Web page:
What are best practices around DEI board committees? Should we have them?
Reply from Cathy Trower:
I believe it is essential to engage the board in matters of diversity, equity, and inclusion (DEI) for many reasons, perhaps most importantly these four:
- The board sits at the top of the organization and has a fiduciary responsibility for oversight of leadership, mission, and resources (and DEI is central to these);
- Boards have not only a fiduciary responsibility for oversight of DEI but also a moral and ethical one;
- The board, and only the board, can hold the Head accountable for progress on DEI; and,
- Boards approve budgets and budgets are a physical manifestation of values and priorities.
I don’t think it’s enough to have a couple of board members on a committee or to simply have a DEI board committee. The board needs to “own” DEI. Until DEI (the D is easier, but without the E and I you’re missing the mark) is as important to schools as are finances and facilities, enrollment and endowment, and as engrained in board thinking and consciousness, reflected in the board’s composition, and embedded in board work, we’re kidding ourselves about making much progress—even if DEI appears in the Strategic Plan (as it does almost everywhere and yet remains elusive).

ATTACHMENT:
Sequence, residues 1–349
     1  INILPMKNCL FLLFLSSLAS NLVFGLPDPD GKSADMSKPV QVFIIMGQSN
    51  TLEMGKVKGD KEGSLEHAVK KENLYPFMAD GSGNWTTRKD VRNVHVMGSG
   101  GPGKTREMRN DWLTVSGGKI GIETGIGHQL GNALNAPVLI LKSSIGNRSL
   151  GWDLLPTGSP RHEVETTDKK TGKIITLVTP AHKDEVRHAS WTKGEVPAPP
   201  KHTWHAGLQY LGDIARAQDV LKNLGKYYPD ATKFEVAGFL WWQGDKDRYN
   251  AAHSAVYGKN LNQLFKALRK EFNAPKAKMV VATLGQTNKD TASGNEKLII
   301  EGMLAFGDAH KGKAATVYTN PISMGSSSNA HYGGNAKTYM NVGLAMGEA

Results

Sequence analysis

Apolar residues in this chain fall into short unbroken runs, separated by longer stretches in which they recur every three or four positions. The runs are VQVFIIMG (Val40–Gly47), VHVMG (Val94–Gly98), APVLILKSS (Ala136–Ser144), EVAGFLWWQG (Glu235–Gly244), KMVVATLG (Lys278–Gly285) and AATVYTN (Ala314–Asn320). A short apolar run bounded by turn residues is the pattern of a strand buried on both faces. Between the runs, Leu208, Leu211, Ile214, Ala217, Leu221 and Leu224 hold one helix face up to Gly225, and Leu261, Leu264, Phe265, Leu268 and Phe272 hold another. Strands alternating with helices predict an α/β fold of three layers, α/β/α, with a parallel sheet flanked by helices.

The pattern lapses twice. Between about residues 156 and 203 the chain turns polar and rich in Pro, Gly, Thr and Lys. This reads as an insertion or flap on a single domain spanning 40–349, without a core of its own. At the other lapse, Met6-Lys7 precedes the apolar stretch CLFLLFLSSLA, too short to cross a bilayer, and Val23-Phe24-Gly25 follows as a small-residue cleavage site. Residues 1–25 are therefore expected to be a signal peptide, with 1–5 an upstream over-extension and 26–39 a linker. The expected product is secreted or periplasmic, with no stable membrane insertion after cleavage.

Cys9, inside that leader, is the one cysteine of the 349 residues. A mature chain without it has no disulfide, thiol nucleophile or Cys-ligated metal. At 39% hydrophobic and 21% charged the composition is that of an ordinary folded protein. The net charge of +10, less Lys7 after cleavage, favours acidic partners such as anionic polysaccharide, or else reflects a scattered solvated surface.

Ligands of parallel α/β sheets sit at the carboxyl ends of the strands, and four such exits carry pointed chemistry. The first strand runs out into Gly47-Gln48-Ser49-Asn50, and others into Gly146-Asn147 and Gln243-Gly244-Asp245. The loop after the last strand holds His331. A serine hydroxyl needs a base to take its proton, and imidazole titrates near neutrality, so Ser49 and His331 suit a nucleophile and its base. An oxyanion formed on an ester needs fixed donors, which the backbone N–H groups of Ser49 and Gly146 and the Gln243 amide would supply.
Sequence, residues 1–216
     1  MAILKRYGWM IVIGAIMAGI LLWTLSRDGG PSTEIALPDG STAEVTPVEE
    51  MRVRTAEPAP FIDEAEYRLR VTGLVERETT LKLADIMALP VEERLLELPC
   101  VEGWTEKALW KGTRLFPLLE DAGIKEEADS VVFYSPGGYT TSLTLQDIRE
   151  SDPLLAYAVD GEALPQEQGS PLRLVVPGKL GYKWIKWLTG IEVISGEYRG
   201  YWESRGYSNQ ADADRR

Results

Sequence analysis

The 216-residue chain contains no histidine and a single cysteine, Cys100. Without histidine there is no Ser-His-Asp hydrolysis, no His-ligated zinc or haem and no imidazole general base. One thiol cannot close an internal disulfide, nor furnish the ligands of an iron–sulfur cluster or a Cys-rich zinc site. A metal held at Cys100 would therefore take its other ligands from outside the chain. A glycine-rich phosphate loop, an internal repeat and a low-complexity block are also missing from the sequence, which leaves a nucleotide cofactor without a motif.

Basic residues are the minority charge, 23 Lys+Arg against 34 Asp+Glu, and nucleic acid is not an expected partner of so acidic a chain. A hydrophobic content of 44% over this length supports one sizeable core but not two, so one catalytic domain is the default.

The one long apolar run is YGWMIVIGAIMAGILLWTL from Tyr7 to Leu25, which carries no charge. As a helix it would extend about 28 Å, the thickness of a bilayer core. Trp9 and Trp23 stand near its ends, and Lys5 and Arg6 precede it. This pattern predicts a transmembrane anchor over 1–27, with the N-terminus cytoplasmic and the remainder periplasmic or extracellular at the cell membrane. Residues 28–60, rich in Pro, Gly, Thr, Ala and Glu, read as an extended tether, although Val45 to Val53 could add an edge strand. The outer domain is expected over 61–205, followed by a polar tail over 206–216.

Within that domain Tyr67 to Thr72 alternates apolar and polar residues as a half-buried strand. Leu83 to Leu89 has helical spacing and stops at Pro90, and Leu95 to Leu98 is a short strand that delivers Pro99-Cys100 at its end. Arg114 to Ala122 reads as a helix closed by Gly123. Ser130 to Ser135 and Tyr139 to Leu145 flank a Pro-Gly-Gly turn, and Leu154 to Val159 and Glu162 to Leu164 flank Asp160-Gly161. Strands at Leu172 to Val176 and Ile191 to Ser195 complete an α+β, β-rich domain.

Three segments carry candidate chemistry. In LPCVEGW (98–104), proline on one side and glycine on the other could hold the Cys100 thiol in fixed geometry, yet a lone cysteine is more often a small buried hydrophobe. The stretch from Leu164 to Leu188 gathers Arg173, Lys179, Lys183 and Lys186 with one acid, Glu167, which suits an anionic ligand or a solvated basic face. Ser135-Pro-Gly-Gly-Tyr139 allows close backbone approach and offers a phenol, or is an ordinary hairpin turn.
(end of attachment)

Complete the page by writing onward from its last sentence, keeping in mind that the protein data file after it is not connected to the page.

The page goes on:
DEI must be made explicit until it is implicit – until it is part of the culture — “who we are” and “what we do.” This means that the board itself is diverse, equitable, and inclusive and that the board insists that the school is, too.
Three excellent resources on the topic include: